A Report by a team in which Balagopal was present was something which had to be read.  What a good human rights report does, is  bring an  incident  of a human rights violation  which has been either minimally reported by the press, or not reported at all to the wider public attention. An excellent  fact finding report is  able to go beyond the narration of what has happened and explore the deeper socio-economic reasons for the incident. The best fact finding reports in fact  give the reader an insight into why the incident happened which goes beyond mere rhetoric and newspaper reportage. I would contend that the human rights reports in which Balagopal participated, always had the insight which raised the value of the report beyond the immediate context and raised deeper historical and philosophical questions. They deserve close reading as an expression of collective writing which tries to understand a contemporary violation and is able to give a sense of history to an ‘event’. These Reports also raise questions which are ultimately about the relationship between human rights and human nature.  In this  context I would like to refer to the Report on the Chunduru massacre as well as the report on communal violence in Karnataka and Orissa in 2008.

If one refers to the Fact Finding on the Chunduru massacre in 1991 in which nine Dalits were killed and six persons went ‘missing’, and Dalit women were raped, the  Fact Finding Report by APCLC  makes the point that ,

Unlike in other villages, the dalits of Chundur are better educated, some of   them had gained political positions and a good number of them are employed. On the other hand, members of the upper castes particularly the  Reddy’s and       Telegas are less educated and most of the youth do odd jobs like tractor drivers          or are engaged in farming.’ [iii]

Over a period of time, there has been a change in the lifestyle of the Scheduled     Castes. People, who were virtual serfs till a few decades ago  have now become         tenant cultivators while the younger generation has acquired decent jobs. This          transformation among the dalits was seen as a threat to their authority by the         upper castes. They could no longer address the dalits in the customary rude       manner. Public places like tea shops and cinema halls have come into common      use by the upper castes and the dalits. ‘[iv]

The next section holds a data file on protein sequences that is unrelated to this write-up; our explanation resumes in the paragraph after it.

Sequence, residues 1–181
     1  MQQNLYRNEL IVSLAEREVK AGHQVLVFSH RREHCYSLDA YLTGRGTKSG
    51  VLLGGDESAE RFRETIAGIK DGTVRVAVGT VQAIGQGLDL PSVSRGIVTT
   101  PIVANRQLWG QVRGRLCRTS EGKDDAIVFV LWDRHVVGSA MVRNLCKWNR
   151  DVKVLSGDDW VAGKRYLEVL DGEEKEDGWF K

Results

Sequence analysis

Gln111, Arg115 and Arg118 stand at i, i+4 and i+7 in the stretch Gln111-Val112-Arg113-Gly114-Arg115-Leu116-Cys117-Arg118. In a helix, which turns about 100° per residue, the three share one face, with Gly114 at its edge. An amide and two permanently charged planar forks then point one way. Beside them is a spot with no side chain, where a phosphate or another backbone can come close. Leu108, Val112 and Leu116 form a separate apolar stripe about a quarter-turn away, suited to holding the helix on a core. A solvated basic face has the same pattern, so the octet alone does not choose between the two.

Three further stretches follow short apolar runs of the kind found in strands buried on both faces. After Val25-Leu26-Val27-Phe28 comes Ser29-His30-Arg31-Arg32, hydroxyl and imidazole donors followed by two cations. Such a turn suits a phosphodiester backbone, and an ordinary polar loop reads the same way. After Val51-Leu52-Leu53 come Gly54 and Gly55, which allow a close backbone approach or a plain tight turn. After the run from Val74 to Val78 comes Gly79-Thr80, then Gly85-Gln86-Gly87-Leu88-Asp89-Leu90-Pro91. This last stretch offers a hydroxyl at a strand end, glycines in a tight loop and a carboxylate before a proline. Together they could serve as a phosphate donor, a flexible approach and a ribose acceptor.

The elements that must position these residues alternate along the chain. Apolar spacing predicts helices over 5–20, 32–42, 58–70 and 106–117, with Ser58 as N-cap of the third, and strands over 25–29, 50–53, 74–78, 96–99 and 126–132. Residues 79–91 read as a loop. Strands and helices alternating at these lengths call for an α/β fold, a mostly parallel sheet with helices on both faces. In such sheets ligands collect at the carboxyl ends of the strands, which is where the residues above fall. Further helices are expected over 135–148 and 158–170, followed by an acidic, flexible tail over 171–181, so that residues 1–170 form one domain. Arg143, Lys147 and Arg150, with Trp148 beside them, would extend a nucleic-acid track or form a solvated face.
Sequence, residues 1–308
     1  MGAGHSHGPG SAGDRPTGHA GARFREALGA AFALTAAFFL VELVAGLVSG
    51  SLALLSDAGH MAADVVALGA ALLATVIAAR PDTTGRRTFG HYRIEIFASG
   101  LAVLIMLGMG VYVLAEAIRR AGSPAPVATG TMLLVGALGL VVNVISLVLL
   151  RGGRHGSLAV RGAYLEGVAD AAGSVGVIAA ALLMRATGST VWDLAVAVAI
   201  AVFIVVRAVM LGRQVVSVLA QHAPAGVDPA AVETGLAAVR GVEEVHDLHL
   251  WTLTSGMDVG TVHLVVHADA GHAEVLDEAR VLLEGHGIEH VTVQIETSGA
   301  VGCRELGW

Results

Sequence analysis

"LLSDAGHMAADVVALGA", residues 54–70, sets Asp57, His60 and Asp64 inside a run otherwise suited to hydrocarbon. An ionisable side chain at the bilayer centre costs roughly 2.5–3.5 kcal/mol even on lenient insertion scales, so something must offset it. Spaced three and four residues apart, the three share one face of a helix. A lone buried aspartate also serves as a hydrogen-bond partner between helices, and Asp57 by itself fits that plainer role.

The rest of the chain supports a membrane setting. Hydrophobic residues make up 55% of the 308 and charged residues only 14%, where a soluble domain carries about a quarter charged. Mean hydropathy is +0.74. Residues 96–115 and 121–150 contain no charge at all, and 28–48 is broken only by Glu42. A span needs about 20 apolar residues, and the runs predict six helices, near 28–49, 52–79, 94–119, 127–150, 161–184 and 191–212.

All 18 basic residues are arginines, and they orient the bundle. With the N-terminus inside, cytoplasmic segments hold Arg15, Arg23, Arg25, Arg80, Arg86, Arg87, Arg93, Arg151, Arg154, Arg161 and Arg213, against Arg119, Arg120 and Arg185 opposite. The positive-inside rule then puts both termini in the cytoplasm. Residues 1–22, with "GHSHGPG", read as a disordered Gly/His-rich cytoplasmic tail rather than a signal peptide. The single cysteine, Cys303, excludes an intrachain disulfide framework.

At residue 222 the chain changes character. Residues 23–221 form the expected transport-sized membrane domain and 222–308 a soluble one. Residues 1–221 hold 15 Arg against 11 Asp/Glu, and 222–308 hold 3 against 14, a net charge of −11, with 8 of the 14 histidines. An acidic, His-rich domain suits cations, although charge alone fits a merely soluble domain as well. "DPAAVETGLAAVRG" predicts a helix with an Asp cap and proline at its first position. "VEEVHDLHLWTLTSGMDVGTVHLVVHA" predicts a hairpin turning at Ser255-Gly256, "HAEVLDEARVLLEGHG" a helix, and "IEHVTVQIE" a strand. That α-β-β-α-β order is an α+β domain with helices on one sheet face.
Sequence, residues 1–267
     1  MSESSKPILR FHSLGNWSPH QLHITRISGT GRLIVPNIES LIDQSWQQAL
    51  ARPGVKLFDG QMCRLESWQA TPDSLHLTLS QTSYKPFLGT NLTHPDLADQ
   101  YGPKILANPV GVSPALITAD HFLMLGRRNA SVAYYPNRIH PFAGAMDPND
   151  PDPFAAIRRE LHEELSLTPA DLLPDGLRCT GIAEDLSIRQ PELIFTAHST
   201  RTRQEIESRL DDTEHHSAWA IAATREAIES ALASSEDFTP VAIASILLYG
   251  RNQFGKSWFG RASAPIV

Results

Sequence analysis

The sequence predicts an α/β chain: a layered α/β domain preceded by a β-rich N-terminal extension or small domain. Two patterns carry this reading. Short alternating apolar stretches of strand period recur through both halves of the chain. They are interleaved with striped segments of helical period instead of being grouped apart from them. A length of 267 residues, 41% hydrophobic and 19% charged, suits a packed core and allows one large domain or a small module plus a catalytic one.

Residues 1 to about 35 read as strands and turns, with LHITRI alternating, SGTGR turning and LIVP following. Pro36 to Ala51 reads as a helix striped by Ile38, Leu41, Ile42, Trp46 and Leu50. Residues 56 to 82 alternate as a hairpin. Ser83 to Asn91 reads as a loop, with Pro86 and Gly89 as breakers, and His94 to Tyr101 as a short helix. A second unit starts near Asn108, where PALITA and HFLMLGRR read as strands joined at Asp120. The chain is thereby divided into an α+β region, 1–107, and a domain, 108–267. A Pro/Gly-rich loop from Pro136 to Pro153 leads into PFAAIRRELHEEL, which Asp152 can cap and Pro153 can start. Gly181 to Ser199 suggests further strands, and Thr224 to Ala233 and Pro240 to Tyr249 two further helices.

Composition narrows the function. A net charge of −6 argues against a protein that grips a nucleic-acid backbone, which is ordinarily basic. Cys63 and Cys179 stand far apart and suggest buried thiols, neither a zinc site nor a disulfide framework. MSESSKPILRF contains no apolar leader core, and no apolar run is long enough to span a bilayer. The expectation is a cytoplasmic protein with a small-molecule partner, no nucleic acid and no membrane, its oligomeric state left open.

The Report after documenting these changes in the socio- political situation of the Dalits, makes the point that:

This is precisely the reason why a small incident like an educated dalit youth         stretching his leg on a seat occupied by an upper caste boy in  a theatre led to a     social boycott of the dalits and culminated in the August 6 carnage.’[v]

By doing so, the APCLC Report gives  a historical context to a horrendous atrocity and  helped us to understand violation  not as an unchanging reality of Indian society but rather as the particular expression of caste outrage when the  Dalit community  attempts to  break out of the ritual confines of the caste hierarchy. In effect its precisely becuase Dalits are breaking out a ‘slave like  situation’ that these forms of  brutal violation dog independent India. This understanding of the caste atrocity as anchored in an analysis of the changing nature of caste applies with equal force to the other major caste atrocities be it Kambalapalli in Karnataka ( 2000)  or Khairlanji in Maharasthra. (2006)[vi].

What we in Karnataka remember with particular poignance is one of the last Fact Finding Reports published with Balagopal as a member of the team.  The Report was titled, From Kandhamal to Karavali: The Ugly Face of the Sangh Parivar.